Joe Biden is expected to give his first public comments over a sexual assault allegation that has roiled his presidential campaign.

The presumptive Democratic nominee for the US presidency will appear on MSNBC’s Morning Joe to address the allegation by his former US senate staff member Tara Reade that he assaulted her in the basement of a Capitol Hill office building in the 1990s.

The former vice president’s campaign issued a statement in early April denying the allegation, and a number of former Biden employees have defended their boss in interviews.

Mr Biden himself has yet to face any questions or weigh in on the accusation, even as it has taken on fresh attention this week after two of Ms Reade’s associates said she previously told them about elements of her allegations.

Republicans worried about President Donald Trump’s increasingly precarious political standing are seizing on the allegation to portray Democrats as hypocrites who only defend women who allege wrongdoing against conservatives.

They are digging in despite the fact that it could renew attention on the multiple sexual assault allegations lodged against Mr Trump.

Democrats, meanwhile, are in an awkward position of vigorously validating women who come forward with their stories while defending the man who will be their standard-bearer in what many in the party consider the most important election of their lifetimes in the autumn.

Some in the party have been urging Mr Biden to mount a more forceful response to the allegation.

“The campaign has issued statements, but he hasn’t issued any statements in his own voice,” said former Democratic National Committee chairwoman Donna Brazile.

“It’s not helping, it’s just damaging – not only to the person who has come forward, but it’s also damaging the candidate.”

Lis Smith, a top strategist on Pete Buttigieg’s presidential campaign, also called on the Biden campaign to speak up.

“These accusations have not been found to be credible, so it’s in the Biden campaign’s interest to nip this in the bud directly and do it quickly,” she said.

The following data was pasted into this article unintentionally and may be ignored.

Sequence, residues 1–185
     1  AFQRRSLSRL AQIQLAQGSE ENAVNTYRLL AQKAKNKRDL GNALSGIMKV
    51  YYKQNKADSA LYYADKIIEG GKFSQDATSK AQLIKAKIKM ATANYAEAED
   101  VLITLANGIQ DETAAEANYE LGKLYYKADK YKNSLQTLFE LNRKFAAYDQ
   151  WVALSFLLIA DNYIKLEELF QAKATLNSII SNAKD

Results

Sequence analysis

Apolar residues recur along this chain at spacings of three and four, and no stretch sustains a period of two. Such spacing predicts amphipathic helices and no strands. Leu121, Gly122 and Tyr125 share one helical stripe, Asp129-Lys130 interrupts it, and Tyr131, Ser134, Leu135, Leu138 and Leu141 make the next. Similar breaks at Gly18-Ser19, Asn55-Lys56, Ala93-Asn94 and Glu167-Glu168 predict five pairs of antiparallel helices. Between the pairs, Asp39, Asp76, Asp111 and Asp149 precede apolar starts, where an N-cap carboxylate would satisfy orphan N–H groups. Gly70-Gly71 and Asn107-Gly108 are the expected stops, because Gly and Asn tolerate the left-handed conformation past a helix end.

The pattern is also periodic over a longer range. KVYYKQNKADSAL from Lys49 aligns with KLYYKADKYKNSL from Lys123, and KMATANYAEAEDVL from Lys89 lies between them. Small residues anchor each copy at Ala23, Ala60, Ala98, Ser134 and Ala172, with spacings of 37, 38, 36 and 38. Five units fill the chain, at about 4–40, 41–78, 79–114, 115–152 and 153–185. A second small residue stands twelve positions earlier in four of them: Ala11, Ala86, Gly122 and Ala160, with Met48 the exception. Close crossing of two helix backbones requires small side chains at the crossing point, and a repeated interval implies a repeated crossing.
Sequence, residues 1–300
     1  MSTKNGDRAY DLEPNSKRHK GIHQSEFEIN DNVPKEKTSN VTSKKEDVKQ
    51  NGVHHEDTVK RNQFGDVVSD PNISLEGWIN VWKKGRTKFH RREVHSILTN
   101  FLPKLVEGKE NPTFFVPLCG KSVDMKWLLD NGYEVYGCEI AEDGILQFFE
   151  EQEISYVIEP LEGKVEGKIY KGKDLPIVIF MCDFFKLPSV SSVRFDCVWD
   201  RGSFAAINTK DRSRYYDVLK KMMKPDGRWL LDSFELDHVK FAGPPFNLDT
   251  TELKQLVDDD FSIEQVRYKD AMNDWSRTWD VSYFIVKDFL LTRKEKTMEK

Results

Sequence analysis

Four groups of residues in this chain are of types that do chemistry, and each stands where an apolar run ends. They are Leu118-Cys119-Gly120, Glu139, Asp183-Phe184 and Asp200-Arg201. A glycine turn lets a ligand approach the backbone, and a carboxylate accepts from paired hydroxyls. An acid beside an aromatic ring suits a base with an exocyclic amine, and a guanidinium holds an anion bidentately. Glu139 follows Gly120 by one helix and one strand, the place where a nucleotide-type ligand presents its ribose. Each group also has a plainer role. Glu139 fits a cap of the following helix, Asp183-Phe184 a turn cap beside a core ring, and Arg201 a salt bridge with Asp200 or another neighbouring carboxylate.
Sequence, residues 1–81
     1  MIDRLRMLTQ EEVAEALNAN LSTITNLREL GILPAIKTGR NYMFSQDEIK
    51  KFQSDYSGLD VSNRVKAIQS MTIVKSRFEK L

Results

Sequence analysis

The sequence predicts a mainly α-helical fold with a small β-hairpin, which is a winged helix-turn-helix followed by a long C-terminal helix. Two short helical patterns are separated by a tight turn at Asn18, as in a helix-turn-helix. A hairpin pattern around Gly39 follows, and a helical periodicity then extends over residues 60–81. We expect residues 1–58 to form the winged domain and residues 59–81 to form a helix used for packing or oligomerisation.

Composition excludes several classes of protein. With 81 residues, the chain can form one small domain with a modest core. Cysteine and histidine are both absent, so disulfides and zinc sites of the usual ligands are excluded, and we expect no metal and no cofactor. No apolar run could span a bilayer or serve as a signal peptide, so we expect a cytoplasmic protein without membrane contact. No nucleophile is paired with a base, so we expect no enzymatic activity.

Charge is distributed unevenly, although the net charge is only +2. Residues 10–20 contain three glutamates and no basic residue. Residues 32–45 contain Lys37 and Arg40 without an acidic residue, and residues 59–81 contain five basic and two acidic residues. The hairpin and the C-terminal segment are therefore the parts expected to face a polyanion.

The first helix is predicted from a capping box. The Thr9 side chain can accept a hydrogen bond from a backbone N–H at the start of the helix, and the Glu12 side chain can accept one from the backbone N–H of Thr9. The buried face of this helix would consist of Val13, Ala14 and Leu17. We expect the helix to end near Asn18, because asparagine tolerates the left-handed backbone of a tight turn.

The November contest between Mr Biden and Mr Trump will be the first presidential race of the #MeToo era, which has led numerous women to come forward with allegations of sexual assault. Mr Trump has been accused of assault and unwanted touching by numerous women, allegations he denies.

Women are a core constituency for Democrats, and Mr Biden has a mixed history. While he wrote the Violence Against Women Act as a senator, he also came under heavy criticism for his handling of Anita Hill’s senate testimony in the 1990s.

Just before he launched his 2020 campaign, several women accused him of unwanted touching, behaviour for which he has apologised.

Mr Biden has pledged to pick a woman as a running mate, and the allegation has left those thought to be in contention in a tough spot.

On Thursday, US house speaker Nancy Pelosi also defended Mr Biden. She told CNN she was “satisfied with how he has responded,” even as she acknowledged “it’s a matter that he has to deal with”.

Republicans have argued that Democrats are not being consistent, pointing to aggressive questioning and coverage of US supreme court nominee Brett Kavanaugh when he faced an allegation of sexual assault.

Speaking about the allegation for the first time on Friday, Mr Trump said Mr Biden “should respond” before proceeding to criticise the treatment of Mr Kavanaugh as “an absolute disgrace to our country”.

Steve Guest, a spokesman for the Republican National Committee, said “the left, and their media allies, has one standard for Republicans and another standard for Democrats like Joe Biden.

“The double standard,” he said, “is appalling.”

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